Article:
OT: Dealing with a hosting company with it's head up it's rear end
aryeh.friedman at gmail.com
Fri Aug 14 14:44:48 UTC 2020
On Fri, Aug 14, 2020 at 10:32 AM Jon Radel <jon at radel.com> wrote:
> On 8/14/20 09:48, Aryeh Friedman wrote:
> > On Fri, Aug 14, 2020 at 9:20 AM Tim Daneliuk <tundra at tundraware.com>
> >> On August 14, 2020 12:58:49 AM "Steve O'Hara-Smith" <steve at sohara.org>
> >> wrote
> >> Again many corporate firewalls don't allow ssh out (or in directly)
> >>> because tunnelling bypasses the firewalls. And again it seems odd for a
> >>> hosting company.
> >> ssh out is typically prohibited to lower the risk of employee transfer
> >> sensitive data to external destinations - So called Data Loss
> >> This, along with email scanning and man in the middle cert management is
> >> pretty common.
> > Unless it is 100% air gapped with no ability to plug in portable media
> > and/or record the screen then nothing is 100% immune from such loss and
> > thus not allowing it makes very little sense. If on the other hand the
> > idea is to limit the damage that malware/spyware can do then it makes
> > (even if someone does in [accidentally] install malware/spyware it can
> > send the results of its dirty work anywhere).
> Untrue. As the CISO at my latest employer said to me (paraphrasing
> some, as it's been a while):
> You and I know how to circumvent the restrictions, but the vast majority
> of the staff hasn't a clue. This cuts down the noise I have to wade
Oh great security by obfuscation! Sounds like the CSIO missed the first
day of security 101. False sense of security is always a bad idea.
> And back to the main topic of this thread: What does your lawyer say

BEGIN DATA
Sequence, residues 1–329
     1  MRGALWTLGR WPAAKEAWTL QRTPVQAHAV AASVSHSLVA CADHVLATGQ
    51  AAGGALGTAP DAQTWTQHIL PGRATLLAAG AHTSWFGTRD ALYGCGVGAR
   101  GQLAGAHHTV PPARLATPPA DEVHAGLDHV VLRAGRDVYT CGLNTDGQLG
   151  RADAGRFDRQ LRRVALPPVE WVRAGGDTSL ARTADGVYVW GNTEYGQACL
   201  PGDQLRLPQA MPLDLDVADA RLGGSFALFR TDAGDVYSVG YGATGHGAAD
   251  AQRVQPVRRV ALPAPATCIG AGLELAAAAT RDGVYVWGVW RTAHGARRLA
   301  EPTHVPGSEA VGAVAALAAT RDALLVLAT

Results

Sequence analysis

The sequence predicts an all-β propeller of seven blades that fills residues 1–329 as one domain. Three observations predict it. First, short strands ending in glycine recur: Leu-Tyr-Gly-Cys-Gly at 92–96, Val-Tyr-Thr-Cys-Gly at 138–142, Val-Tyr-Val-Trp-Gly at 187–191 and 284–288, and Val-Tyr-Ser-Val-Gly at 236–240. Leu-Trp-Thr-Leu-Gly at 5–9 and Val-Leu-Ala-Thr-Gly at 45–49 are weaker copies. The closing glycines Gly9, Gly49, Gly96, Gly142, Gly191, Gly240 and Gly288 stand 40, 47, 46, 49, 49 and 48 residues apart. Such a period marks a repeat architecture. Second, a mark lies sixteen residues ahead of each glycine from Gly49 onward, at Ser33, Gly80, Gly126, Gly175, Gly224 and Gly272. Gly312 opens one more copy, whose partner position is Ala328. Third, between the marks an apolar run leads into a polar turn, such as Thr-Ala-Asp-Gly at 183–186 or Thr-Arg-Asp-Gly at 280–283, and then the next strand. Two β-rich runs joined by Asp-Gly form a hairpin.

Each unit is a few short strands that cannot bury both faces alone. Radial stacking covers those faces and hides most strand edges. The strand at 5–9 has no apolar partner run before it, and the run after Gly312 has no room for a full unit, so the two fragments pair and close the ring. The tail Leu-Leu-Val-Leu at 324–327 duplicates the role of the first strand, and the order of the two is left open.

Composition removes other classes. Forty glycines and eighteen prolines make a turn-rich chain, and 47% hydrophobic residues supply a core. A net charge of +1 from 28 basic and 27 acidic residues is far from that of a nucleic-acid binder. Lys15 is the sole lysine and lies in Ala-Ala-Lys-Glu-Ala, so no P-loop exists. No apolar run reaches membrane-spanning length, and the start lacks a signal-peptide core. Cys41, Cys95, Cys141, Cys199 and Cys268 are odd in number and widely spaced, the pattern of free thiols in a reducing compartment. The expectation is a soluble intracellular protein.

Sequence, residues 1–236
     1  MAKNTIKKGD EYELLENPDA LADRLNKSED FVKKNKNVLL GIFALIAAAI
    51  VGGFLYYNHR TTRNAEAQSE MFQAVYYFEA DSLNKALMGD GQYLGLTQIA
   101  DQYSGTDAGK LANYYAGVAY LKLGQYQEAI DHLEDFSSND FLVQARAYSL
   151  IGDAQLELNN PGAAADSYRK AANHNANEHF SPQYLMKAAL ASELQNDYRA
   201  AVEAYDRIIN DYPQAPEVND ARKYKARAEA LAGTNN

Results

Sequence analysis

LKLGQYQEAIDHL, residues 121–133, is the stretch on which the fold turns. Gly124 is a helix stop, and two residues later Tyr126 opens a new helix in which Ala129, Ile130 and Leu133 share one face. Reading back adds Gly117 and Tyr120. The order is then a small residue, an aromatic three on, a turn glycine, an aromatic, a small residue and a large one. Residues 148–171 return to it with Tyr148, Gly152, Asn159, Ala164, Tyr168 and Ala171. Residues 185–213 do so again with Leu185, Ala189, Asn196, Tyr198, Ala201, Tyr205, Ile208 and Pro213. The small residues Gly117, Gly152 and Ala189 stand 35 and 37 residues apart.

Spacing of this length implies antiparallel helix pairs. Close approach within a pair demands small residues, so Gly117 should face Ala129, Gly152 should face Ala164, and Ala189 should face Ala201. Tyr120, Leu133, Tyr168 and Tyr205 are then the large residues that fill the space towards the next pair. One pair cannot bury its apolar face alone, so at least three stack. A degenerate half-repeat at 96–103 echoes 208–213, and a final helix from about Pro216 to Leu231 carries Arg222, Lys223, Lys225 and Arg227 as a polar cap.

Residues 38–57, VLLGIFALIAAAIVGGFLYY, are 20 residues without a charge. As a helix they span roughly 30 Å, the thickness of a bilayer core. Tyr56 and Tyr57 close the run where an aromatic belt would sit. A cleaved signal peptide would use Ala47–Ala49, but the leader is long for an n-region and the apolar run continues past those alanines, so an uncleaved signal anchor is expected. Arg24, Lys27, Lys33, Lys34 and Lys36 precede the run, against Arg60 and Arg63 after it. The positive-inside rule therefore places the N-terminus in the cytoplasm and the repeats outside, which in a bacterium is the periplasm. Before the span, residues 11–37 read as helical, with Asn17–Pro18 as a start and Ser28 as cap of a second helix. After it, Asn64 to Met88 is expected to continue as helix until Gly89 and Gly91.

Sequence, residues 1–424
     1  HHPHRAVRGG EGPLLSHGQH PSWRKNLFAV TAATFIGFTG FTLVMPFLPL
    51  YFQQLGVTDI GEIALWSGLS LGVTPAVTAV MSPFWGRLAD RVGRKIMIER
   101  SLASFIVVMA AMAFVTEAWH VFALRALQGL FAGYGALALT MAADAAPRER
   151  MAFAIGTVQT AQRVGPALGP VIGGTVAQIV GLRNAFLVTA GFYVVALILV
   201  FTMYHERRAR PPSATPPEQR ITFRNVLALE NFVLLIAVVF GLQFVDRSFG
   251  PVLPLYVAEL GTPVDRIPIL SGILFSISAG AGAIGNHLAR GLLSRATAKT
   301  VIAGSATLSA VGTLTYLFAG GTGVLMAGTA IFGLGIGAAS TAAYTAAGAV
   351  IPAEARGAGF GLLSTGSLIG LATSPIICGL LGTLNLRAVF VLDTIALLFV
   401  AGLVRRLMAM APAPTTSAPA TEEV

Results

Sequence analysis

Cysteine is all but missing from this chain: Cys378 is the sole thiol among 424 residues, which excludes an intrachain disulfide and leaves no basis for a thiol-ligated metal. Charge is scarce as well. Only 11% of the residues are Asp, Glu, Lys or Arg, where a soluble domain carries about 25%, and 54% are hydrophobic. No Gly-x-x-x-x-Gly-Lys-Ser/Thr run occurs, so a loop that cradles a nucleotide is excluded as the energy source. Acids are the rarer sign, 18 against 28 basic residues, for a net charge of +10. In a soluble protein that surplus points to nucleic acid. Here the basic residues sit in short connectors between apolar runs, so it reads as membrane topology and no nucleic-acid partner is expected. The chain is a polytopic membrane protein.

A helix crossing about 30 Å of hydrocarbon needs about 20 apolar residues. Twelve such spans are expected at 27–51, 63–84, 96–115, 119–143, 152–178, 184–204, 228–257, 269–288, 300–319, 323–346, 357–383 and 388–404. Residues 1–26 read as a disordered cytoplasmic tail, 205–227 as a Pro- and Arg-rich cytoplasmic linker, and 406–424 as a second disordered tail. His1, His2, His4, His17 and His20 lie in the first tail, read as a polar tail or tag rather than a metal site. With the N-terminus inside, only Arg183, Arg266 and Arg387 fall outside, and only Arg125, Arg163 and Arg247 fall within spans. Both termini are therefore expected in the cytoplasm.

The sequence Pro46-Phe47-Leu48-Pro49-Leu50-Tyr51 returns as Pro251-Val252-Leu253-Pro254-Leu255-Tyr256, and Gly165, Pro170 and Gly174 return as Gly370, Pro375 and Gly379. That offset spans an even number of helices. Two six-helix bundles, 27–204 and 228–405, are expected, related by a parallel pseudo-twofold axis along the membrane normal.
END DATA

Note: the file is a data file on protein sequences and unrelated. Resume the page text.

> about your client that is huffing and puffing threats over your
> inability to perform magic to paper over their unwise contracting
> actions in regard to a different vendor? Seems to me that you left the
> land of technology a ways back on this one.
Actually the client has signed the one piece of paper we needed to move
forward which is a waiver of liability for stuff we said was inherently
risky (in writing) before we started the work. It should also be noted
that due to lack of competance by the hosting company and by the equipment
supplier we have become the client's defecto IT dept. Even though we were
originally hired as programmers only (this means when push comes to shove
the client almost always trusts us over anyone else and for the most part
"I will find someone else '' is just his lack of social graces and not an
Also as stated before the client is currently grandfathered into the older
config the hosting company uses and thus we don't need to do magic to do
the work. The concern is if the hosting company starts insisting that the
grandfathering was "incorrect" and thus attempting to gather 3rd party
evidence they are being idiots and this thread is just one such piece of
evidence and thus still very relevant.
> Actually, better yet, you probably don't want to discuss that on a
> public list......
If *YOU* think it doesn't belong on the list just come out and say it.
Aryeh M. Friedman, Lead Developer, http://www.PetiteCloud.org
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